Health Research with Big Data: The Comparative Outcomes and Service Utilization Trends (COAST)

12:00 noon to 1:00 pm PST


COAST logoThe Comparative Outcomes and Service Utilization Trends (COAST) Study is a population-based cohort that includes data on all known adult people living with HIV (PLHIV) in BC (n=13,907) and a 10% random sample of individuals from the general population (n=516,340) from 1996-2013, with an update to include data from the years 1992-2018 in progress. Unlike traditional observational datasets, which are limited in size, scope, and sample by their original questionnaire, the COAST database is comprised of linked administrative health records that are population-based, evolving, and complex. In addition to administrative health data, COAST contains clinical data, as well as questionnaire data on behavior, social, and structural determinants of health. COAST data were assembled via linkages between 10 datasets housed at two provincial data sources: the BC-CfE Drug Treatment Program (DTP) and PopData BC. The DTP centrally manages the distribution of antiretroviral therapy (ART) to all PLHIV in BC and collects data on HIV-related outcomes.

Population Data BC facilitates research access to an extensive range of individual-level, de-identified, longitudinal data on BC's residents. COAST provides a unique opportunity for rich longitudinal analyses to: (1) evaluate determinants and predictors of health outcomes and healthcare services use among PLHIV, and (2) model complex interactions between HIV and comorbidities to understand health and economic impacts of long-term survival with HIV. 

COAST has the potential for future linkages with diverse datasets, including data on localized weather events (e.g., precipitation), HIV phylogenetics, and detailed survey data on populations at higher risk of poor HIV-related outcomes (e.g. gay, bisexual and other men who have sex with men, women, Indigenous persons), which will allow us to elucidate new relationships between environmental, social, and genetic factors and outcomes relevant to PLHIV. Such information will provide insights into potential targets for interventions to improve malignancy screening and prevention, retention in care, and early ART initiation.

The webinar will provide an overview of the key features associated with the COAST database. Presenters will also identify the unique research opportunities associated with population-level longitudinal analyses  exploring health outcomes in people living with HIV compared to the general population in BC.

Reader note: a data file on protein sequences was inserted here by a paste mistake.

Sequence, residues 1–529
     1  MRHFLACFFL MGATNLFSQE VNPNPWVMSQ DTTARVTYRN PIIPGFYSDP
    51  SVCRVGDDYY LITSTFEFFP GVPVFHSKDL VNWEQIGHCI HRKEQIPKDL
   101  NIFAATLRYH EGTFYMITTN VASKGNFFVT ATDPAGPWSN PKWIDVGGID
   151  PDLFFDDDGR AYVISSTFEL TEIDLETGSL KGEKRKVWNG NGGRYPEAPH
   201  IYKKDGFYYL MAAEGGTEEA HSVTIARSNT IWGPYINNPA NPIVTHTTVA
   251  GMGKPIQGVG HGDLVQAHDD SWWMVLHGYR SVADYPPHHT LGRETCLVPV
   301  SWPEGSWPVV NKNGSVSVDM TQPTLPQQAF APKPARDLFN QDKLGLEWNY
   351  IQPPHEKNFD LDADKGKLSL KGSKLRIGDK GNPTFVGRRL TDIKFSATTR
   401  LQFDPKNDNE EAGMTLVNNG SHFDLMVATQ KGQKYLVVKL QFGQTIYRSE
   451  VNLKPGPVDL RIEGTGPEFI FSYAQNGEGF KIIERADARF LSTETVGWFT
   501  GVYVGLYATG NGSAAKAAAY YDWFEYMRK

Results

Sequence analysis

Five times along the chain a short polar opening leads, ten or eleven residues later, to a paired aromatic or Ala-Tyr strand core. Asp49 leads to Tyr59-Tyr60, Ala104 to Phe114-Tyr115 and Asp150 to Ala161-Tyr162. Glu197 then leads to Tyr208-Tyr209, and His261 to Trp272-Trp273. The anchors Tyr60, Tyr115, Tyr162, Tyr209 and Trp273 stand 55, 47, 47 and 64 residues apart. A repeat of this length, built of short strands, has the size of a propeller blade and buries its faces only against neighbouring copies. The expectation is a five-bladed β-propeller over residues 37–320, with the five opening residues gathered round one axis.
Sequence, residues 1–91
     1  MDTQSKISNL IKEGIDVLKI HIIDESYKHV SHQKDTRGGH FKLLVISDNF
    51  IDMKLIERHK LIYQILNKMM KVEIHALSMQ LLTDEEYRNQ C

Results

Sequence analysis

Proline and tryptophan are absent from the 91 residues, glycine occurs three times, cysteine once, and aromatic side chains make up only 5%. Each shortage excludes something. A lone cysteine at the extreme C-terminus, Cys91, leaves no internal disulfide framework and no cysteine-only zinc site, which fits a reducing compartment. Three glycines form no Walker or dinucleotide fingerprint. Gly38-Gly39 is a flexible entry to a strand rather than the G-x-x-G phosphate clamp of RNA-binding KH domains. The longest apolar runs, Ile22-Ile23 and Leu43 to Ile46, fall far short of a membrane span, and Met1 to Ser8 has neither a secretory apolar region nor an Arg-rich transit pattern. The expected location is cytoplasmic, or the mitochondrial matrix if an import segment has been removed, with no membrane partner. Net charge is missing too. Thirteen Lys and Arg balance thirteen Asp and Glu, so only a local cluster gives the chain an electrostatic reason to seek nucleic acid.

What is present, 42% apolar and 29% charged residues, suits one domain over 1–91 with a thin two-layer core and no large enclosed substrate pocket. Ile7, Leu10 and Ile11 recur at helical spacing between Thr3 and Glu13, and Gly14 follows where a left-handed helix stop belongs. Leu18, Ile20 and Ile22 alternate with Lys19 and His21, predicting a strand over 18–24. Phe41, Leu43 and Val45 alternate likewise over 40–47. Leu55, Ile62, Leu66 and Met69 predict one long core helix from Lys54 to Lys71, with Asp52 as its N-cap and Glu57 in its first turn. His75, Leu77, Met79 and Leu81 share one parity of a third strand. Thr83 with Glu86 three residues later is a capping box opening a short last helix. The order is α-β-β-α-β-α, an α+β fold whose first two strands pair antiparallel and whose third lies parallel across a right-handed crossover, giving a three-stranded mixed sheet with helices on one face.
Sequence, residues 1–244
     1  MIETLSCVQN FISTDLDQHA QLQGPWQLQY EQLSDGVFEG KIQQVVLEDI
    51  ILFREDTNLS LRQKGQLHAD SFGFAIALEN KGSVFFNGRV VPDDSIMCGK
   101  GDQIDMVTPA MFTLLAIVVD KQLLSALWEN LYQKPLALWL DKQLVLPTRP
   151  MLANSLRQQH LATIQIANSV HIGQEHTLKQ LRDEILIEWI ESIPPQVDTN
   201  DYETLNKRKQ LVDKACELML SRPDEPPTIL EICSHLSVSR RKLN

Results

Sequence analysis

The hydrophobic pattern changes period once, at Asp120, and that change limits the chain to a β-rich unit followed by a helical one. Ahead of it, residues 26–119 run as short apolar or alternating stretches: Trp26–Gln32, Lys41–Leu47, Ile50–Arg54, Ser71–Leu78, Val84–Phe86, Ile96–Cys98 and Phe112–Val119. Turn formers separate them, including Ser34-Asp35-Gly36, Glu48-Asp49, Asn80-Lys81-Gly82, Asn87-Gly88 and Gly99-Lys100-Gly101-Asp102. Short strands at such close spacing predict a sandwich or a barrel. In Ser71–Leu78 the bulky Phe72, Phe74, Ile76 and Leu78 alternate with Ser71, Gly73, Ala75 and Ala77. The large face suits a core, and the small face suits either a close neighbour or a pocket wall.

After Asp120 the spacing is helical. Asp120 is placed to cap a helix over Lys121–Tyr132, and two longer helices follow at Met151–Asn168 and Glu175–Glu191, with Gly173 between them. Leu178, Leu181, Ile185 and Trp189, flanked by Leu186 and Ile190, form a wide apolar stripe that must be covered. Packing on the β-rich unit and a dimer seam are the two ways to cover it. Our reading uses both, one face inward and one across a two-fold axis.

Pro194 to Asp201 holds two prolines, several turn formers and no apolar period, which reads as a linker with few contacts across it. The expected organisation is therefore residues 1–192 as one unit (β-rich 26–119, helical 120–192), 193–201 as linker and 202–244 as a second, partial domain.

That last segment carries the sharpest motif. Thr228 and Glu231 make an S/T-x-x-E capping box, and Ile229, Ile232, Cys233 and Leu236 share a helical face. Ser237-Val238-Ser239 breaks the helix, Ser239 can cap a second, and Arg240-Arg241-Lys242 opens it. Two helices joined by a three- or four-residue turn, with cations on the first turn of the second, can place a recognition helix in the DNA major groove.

View recorded presentation below.


Andreea BratuAndreea Bratu, MSc, is a Research Coordinator for the Comparative Outcomes and Service Utilization (COAST) Study at the BC Centre for Excellence in HIV/AIDS in Vancouver. She has an MSc in Public Health (London School of Hygiene and Tropical Medicine) and has been involved in various epidemiological studies focused on health service utilization and health outcomes among people living with HIV in BC.

Andreea has contributed to the development and implementation of quality improvement guides, practices and processes related to administrative health data research. She is passionate about research examining the impact of environmental and socio-behavioural risk factors on the health of underserved populations at a local and global level.

Gusti Ayu NanithaHailing from the island of Bali, Indonesia, Ni Gusti Ayu (Ditha) Nanditha is currently a PhD student at the University of British Columbia’s Experimental Medicine program and a graduate research assistant at the British Columbia Centre for Excellence in HIV/AIDS. Her research interest lies in the intersection between HIV, aging and chronic comorbidities. She specializes on the use of large health administrative databases in the context of population-based cohort study and on longitudinal analysis of these observational data.

Ultimately, Ditha hopes her work can contribute data-driven evidence to formulate policies which address the present and future impact of HIV and comorbidities, and ensure healthy living and successful aging of people living with HIV in British Columbia and beyond.



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